An accounting expert testified in federal court on Friday that Manhattan’s Knoedler Gallery sold fake art from Long Island fraudster Glafira Rosales for $69.7 million and cleared gross profits of $43.1 million over a 17-year period.

The expert, Roger Siefert, testifying in Manhattan in a lawsuit brought by a couple that bought a bogus Mark Rothko painting for $8.3 million, also said Knoedler president Ann Freedman earned “profit-sharing” payments of $10 million from 1994 to 2011 while peddling the phony works.

The lawsuit by Sotheby’s chairman, Domenic de Sole, is the first civil damages trial stemming from the fraud by Rosales, of Sands Point, who pleaded guilty in 2013 to selling purported works by Rothko, Jackson Pollack and other famous artists that had been forged.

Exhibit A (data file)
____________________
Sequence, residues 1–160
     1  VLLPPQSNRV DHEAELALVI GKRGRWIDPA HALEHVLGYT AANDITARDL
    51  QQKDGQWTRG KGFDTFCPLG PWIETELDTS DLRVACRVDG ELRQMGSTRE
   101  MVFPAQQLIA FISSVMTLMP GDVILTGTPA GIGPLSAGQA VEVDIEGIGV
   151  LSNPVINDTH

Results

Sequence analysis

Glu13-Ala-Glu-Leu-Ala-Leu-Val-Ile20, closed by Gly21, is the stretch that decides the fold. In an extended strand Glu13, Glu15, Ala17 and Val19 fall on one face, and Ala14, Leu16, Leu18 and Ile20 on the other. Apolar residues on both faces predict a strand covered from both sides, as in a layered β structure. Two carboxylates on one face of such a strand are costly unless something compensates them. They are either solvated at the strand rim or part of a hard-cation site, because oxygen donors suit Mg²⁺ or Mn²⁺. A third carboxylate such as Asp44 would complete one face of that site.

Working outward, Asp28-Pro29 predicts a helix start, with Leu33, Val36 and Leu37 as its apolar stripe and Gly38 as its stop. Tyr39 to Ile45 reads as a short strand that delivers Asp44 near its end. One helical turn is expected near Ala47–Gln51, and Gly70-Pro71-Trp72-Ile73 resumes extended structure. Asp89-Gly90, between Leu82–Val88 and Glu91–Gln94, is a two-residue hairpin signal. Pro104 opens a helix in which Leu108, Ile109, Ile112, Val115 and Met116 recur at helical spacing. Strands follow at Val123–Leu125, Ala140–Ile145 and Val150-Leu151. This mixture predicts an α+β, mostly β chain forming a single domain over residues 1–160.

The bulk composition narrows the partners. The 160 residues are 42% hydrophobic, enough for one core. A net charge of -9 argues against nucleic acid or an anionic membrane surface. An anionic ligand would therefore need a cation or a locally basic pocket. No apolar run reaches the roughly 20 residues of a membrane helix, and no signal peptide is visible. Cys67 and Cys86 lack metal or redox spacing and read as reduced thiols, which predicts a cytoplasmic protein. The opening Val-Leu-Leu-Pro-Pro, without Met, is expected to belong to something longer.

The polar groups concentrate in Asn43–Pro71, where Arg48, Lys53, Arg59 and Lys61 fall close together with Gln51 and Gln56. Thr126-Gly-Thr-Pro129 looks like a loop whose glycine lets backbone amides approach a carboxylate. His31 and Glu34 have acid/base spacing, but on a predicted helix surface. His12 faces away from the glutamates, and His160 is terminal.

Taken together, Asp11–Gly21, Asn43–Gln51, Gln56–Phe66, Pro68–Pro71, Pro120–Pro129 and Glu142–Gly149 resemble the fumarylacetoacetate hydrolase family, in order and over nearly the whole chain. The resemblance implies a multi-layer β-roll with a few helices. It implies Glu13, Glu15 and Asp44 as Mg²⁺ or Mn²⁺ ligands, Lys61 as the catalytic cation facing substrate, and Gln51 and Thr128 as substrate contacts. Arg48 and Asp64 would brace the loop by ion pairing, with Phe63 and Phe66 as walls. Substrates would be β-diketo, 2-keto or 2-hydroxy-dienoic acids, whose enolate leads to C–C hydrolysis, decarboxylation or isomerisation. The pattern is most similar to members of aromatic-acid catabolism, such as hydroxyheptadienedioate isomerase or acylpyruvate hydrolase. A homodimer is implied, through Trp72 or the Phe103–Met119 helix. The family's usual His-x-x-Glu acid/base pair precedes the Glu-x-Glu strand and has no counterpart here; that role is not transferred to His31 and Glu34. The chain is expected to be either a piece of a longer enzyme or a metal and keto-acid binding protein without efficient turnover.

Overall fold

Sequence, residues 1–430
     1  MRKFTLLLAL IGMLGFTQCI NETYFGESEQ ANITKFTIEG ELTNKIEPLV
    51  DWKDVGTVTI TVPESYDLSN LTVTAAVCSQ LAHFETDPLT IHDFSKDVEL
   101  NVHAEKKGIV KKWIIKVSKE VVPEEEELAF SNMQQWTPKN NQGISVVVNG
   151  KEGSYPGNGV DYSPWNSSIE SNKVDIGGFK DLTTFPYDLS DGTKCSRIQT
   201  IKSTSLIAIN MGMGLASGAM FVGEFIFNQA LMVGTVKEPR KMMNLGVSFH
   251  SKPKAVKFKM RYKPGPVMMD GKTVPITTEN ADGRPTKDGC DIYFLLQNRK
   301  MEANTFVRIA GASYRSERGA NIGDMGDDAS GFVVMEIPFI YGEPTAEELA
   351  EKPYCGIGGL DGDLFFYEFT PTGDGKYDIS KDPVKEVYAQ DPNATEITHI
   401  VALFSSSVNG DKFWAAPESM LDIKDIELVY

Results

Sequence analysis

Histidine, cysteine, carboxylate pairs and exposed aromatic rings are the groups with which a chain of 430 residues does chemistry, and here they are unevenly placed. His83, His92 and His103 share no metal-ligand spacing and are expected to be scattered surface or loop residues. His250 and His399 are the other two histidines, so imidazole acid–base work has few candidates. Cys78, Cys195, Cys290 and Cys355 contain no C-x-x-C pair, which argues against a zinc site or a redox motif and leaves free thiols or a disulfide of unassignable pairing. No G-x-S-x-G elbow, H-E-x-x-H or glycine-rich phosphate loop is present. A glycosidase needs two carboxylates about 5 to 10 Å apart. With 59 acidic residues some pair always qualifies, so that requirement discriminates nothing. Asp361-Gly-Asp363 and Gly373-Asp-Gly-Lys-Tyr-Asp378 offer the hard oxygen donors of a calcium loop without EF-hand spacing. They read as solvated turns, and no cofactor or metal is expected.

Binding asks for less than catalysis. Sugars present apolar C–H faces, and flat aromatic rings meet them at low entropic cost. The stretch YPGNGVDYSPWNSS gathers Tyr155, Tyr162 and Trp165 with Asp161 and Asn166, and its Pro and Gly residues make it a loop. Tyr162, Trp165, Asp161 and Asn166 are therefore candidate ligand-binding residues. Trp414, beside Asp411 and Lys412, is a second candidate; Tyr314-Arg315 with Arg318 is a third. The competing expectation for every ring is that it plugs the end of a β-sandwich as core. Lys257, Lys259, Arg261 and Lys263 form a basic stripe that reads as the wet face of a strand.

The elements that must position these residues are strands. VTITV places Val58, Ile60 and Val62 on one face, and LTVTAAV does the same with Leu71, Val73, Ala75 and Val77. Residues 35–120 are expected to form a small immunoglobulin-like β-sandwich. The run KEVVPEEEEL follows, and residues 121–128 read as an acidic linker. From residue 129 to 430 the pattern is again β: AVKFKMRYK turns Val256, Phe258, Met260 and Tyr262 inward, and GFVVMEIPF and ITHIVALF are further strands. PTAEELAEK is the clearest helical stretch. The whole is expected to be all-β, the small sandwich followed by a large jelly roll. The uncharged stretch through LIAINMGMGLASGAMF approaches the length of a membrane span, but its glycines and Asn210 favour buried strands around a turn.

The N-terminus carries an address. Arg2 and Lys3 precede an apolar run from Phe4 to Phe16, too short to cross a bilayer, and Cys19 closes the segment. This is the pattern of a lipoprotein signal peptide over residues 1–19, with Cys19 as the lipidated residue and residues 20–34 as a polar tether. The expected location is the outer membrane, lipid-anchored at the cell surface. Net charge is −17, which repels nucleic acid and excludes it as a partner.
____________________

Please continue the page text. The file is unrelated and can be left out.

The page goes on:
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Siefert, a forensic accountant who analyzed the books of Knoedler, once New York City’s most prestigious gallery, testified that if not for the sale of the fake works it got from Rosales, the gallery would have been in the red for the 17-year period.

Freedman and Knoedler claim they were duped by Rosales, just like the buyers they sold to and other experts. Freedman is expected to testify in the case next week. Rosales has not been sentenced.